Posted on: March 1st, 2023

By: Grace Mooney, MS, RDN, LDN

The theme of this year’s National Nutrition Month is “Fuel for the Future,” with a focus on sustainability.  Wondering what it means to eat sustainably? We’ve got some tips to help you preserve the health of the earth while improving your own health and well-being.

Eating for the Earth

There are multiple ways to eat and shop in a way that supports the environment, including eating more plant-based proteins (while reducing meat consumption), reducing food waste, and buying local produce.

Prioritize Plant-Based Proteins

Especially as grocery costs rise, swapping your beef or poultry for a plant-based protein can cut down on costs, reduce your carbon footprint, and provide some additional health benefits.  Plant-based proteins include foods like beans, legumes, tempeh, tofu, and nuts. Meat production requires significant water and contributes to an increased carbon footprint, but producing plant-based proteins, specifically legumes, has been shown to improve soil health and biodiversity.

Reduce Food Waste

We’ve probably all had the experience of tossing a neglected bag of spinach at the end of the week. If you know you struggle to finish fresh produce, buying frozen and canned produce can be an excellent way to reduce food waste. Other ways to reduce food waste (and food-packing waste) include using creativity with leftovers, buying foods with minimal packaging, and opting for reusable containers and bags over disposable containers.

Buy Local

Buying produce at the farmer’s market (or even growing your own!) is a sustainable option because it cuts down on the amount of transportation – and carbon emissions – needed to get food from the farm to your table.

For more tips on sustainable eating, visit the U.S. Department of Agriculture’s Website.

Health Benefits of Eating Sustainably

Can eating for the environment help you live longer? It’s possible! One study published in JAMA Internal Medicine suggests that eating more plant proteins may lengthen lifespan. Plant-based proteins are generally low in saturated fat and have fiber, which is beneficial for blood sugar management, heart health, digestion. Even for plant-based proteins with fat, like nuts and seeds, these are healthy fats that may benefit cardiovascular health.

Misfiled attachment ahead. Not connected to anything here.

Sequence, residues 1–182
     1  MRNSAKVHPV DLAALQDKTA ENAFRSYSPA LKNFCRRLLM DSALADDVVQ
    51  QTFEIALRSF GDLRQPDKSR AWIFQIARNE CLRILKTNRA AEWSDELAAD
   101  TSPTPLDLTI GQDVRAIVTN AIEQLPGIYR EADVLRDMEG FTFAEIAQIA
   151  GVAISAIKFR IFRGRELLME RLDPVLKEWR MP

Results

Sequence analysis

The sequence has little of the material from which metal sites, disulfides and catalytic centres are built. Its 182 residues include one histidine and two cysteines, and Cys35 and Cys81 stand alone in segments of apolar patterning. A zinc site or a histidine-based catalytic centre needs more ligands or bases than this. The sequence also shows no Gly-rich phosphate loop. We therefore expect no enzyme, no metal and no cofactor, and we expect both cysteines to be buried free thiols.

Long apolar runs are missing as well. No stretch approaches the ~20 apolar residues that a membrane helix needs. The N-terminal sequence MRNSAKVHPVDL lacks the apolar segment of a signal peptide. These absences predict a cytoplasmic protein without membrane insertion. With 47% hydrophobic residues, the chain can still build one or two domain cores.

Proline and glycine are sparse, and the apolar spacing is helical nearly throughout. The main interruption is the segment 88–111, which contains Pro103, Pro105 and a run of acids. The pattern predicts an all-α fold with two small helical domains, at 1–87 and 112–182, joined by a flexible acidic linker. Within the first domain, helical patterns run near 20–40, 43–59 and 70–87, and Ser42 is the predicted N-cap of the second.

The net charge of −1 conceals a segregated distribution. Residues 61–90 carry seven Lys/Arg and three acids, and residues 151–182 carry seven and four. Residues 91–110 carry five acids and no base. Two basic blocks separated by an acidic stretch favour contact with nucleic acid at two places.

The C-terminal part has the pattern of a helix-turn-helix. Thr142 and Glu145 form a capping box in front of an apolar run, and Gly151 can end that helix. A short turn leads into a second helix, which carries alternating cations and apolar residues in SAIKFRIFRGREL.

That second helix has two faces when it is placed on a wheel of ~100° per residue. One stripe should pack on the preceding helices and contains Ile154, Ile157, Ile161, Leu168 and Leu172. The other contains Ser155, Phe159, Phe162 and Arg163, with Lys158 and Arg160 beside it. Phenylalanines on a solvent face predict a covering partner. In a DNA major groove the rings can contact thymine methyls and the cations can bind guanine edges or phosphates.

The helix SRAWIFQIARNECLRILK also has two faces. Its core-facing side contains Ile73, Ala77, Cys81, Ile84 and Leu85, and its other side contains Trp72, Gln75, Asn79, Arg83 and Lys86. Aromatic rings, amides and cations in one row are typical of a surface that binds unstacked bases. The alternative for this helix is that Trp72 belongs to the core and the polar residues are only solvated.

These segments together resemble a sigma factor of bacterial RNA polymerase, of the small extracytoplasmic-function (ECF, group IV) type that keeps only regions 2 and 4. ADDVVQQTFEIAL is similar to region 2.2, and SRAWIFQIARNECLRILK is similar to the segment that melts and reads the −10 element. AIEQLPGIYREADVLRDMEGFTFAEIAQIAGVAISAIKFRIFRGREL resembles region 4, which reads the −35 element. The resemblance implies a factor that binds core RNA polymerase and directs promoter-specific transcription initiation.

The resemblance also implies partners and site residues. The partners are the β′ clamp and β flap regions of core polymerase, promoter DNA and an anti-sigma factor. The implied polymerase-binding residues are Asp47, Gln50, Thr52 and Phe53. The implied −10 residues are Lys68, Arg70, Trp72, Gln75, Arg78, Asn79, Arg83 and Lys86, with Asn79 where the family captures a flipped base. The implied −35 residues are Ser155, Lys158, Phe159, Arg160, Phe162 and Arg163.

Eating fruits and vegetables – whether canned and frozen or fresh from the farmer’s market– are also beneficial for our health. A study published in the Lancet found that a plant-rich diet, including fruits, vegetables, and plant-based proteins, may reduce the risk of cardiovascular disease.  Fruits and vegetables contain fiber, vitamins, antioxidants, and minerals help keep our bodies healthy. Especially in the hot summer months, fruits and vegetables can help with our hydration due to their high water content. When opting for frozen or canned produce, opt for for labels like “no added sugar” and “low sodium”.

Needs some inspiration to start your sustainability journey? Check out these ideas for some nutritious, sustainable meal swaps to fuel your future:

  • Black Bean Tacos: replace the beef or ground turkey with low-sodium canned black beans)
  • Sweet Potato Chili: swap the beef for an extra can of beans and chopped sweet potato and add extra fresh or frozen veggies like bell peppers, carrots, celery, or whatever you enjoy
  • Egg Scramble: swap the eggs for crumbled, firm tofu and season with your favorite herbs and spices. Worried about missing the classic yellow color? Use a dash of turmeric.
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